The ATO will, in these circumstances, accept that the parties are dealing with each other at arm’s length with the consequence that no non-arm’s length income arises, if

  • the loan repayment relief offered to the SMSF is on commercial terms and if the terms are comparable to the terms of relief offered by commercial lenders for real estate investments; and
  • the changes to the loan arrangement are properly documented.

In house asset relief

Where an SMSF exceeds the 5% in house asset threshold (i.e. the market value of SMSFs in-house assets exceeds 5% of the market value of all of the SMSFs assets) as at 30 June 2021 due to the financial impacts of Covid-19, then the trustees must prepare and implement a written plan to reduce the excess level of in-house asset.  The excess level is the excess above 5% of the market value of the SMSFs in-house assets by 30 June 2022.

Normally, the implementation requires a disposal of sufficient number or value of in-house assets whether or not there has been a recovery in the market value of the assets such that the 5% threshold is no longer exceeded.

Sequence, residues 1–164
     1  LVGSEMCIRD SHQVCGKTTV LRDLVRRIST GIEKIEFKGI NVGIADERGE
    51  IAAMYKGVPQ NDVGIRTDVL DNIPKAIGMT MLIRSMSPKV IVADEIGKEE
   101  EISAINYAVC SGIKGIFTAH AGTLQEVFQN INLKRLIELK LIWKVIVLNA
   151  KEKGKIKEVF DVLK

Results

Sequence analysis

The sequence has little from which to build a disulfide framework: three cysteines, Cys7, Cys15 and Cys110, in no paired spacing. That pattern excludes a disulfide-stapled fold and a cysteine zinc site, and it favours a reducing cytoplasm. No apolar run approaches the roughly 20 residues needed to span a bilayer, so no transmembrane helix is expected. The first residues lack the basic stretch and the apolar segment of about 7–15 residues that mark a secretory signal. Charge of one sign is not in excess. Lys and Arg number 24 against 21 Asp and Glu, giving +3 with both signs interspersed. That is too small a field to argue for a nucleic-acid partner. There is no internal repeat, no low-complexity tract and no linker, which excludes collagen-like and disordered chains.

The ATO will not take any compliance action against the SMSF if the divestment plan has not been implemented by 30 June 2022 because either

  • the market has not recovered; or
  • while no or insufficient number or value of in-house assets have been sold the market has recovered and the recovery means that market value of in-house assets compared to the value of all assets as at 30 June 2022 does not exceed 5%.

Concluding comments

While the attitude of the ATO is to be appreciated, the relief granted by the ATO is implicitly conditional upon the actions taken by the trustees of the SMSF (or by lenders to the SMSF in the case of limited recourse borrowing transactions) and is solely due to the financial consequences of Covid-19 and are no more than necessary to eliminate or reduce those consequences.

Additionally, if the SMSF has regulatory issues which have arisen independently of Covid-19 and its financial consequences, the ATO will implement its normal compliance responses and actions.

Finally, there must be strict compliance with the eligibility conditions on which the relief is provided by the ATO.

For further information, please call Townsends Business & Corporate Lawyers on 02 8296 6222 or email

Media Release